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Court backs disability discrimination by association

17 July 2008

Parents caring for disabled children should benefit from the same protection as that offered to disabled people themselves under the equal treatment directive, the European Court of Justice has ruled (Case C-303/06 Coleman).

The directive, the court said, applied not to a particular category of person but by reference to the nature of the discrimination.

The claimant in the case, Sharon Coleman, is the primary carer for her severely disabled son. She was a secretary with law firm Attridge Law, which she left two years after the child’s birth amid allegations that the firm had indirectly discriminated against her because of her son’s disability.

She claims that she has suffered discrimination ranging from insults to the refusal to work more flexible hours, and that she had been constructively dismissed.

The directive does not explicitly recognise discrimination by association in respect of disability and the Disability Discrimination Act 1995, which implements the directive in parts, has been construed as not extending to discrimination by association.

Earlier this year however (31 January 2008) the court’s advocate general suggested that the same principle should apply to other types of discrimination banned by the directive including disability, religion, age and sexual orientation.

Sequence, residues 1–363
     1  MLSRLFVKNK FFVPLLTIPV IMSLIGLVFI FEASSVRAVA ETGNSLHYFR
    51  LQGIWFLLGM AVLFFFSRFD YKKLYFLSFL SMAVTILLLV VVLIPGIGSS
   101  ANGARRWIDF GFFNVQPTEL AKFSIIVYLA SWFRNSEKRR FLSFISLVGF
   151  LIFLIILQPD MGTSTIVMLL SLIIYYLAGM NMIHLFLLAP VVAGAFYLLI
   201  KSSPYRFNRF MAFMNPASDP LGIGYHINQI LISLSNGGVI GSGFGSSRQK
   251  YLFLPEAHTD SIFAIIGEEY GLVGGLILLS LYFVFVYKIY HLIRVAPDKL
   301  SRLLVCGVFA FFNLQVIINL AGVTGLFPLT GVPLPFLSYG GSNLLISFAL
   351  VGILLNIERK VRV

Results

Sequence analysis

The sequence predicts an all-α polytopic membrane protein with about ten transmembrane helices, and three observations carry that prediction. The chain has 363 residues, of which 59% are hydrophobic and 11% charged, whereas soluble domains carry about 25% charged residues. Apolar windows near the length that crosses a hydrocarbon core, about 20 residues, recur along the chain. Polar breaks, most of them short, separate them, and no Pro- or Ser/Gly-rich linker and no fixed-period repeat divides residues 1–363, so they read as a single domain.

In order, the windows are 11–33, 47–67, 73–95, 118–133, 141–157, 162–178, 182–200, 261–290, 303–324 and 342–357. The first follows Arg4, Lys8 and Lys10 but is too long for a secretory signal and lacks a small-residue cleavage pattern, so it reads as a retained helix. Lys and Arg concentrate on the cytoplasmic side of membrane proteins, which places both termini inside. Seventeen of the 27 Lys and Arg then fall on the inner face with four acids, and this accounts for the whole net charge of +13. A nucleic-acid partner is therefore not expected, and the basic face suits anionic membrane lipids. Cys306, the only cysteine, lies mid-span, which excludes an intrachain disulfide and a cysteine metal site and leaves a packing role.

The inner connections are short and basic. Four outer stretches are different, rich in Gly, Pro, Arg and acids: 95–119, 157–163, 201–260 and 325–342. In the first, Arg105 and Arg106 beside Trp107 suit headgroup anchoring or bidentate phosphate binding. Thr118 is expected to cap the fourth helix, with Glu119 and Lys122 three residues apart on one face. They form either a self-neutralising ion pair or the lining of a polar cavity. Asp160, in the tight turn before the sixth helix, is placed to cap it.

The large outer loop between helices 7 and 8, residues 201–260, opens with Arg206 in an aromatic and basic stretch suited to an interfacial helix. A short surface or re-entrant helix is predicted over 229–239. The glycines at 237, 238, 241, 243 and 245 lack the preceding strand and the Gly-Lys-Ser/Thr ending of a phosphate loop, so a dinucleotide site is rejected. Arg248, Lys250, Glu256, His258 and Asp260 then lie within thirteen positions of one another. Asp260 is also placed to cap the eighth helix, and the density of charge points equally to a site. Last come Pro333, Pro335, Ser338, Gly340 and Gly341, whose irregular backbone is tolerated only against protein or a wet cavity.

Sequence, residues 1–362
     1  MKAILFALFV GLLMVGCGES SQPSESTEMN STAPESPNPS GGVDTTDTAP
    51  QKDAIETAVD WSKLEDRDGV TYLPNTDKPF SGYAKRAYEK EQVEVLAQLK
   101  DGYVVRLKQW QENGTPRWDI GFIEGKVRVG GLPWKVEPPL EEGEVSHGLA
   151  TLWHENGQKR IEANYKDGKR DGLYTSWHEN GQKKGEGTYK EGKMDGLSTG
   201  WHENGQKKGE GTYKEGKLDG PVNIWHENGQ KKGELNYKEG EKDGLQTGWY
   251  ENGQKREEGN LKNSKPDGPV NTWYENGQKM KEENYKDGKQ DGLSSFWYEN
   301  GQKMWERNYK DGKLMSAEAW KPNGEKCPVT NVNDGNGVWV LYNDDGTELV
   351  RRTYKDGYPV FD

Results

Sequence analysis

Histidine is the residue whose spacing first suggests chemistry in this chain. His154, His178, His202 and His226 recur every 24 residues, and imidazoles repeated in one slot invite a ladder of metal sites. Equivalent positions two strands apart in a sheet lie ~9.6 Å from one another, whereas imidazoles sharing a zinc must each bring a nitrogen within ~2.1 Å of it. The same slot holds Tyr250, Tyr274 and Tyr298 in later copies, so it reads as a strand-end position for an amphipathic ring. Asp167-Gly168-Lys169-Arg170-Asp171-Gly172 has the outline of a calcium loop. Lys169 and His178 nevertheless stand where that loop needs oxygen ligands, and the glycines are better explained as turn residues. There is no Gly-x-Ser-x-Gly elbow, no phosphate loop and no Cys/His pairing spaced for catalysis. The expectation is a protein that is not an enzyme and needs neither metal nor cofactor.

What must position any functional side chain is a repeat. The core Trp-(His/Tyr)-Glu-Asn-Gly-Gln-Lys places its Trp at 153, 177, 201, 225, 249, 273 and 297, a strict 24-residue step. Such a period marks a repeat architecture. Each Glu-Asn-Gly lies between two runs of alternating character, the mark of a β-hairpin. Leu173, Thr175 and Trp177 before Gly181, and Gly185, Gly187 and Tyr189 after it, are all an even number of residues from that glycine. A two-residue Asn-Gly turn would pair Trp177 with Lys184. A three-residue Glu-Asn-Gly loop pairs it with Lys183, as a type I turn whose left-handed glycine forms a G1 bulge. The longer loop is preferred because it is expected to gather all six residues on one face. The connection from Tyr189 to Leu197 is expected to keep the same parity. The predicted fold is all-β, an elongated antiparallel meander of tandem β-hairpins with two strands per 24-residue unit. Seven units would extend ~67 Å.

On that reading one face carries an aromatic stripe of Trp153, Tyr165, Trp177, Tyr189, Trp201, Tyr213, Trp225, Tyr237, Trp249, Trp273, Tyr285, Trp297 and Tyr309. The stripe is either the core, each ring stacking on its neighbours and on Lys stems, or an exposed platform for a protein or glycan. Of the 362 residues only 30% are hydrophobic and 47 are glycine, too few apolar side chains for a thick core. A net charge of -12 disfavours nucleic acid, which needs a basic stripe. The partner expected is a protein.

Backing Ms Coleman’s claim, the Luxembourg court said that an interpretation of the directive limiting its application only to people who are themselves disabled was liable to deprive the directive of an important element of its effectiveness and to reduce the protection which it is intended to guarantee.

The court added that in such circumstances, if the claimant had been treated less favourably than another employee in a similar situation and that this difference in treatment was based on the child’s disability, then that treatment was discriminatory and in breach of the directive.

If the claimant established the facts, it would be for the employer to provide evidence to the contrary.

Ed Williams, barrister at Cloisters, said the ruling clarified that the protection against associative discrimination ought to apply to the areas of religion or belief, age and sexual orientation as well.

"For instance, an employee who is mocked for having an older partner, or a partner of a particular religion, or for their child's sexuality, will now be protected", Williams said.

He addedd that UK employers will need to examine their recruitment and equal opportunity policies carefully to ensure they do not directly or indirectly discriminate against those who are caring, for example, for the disabled or the elderly.

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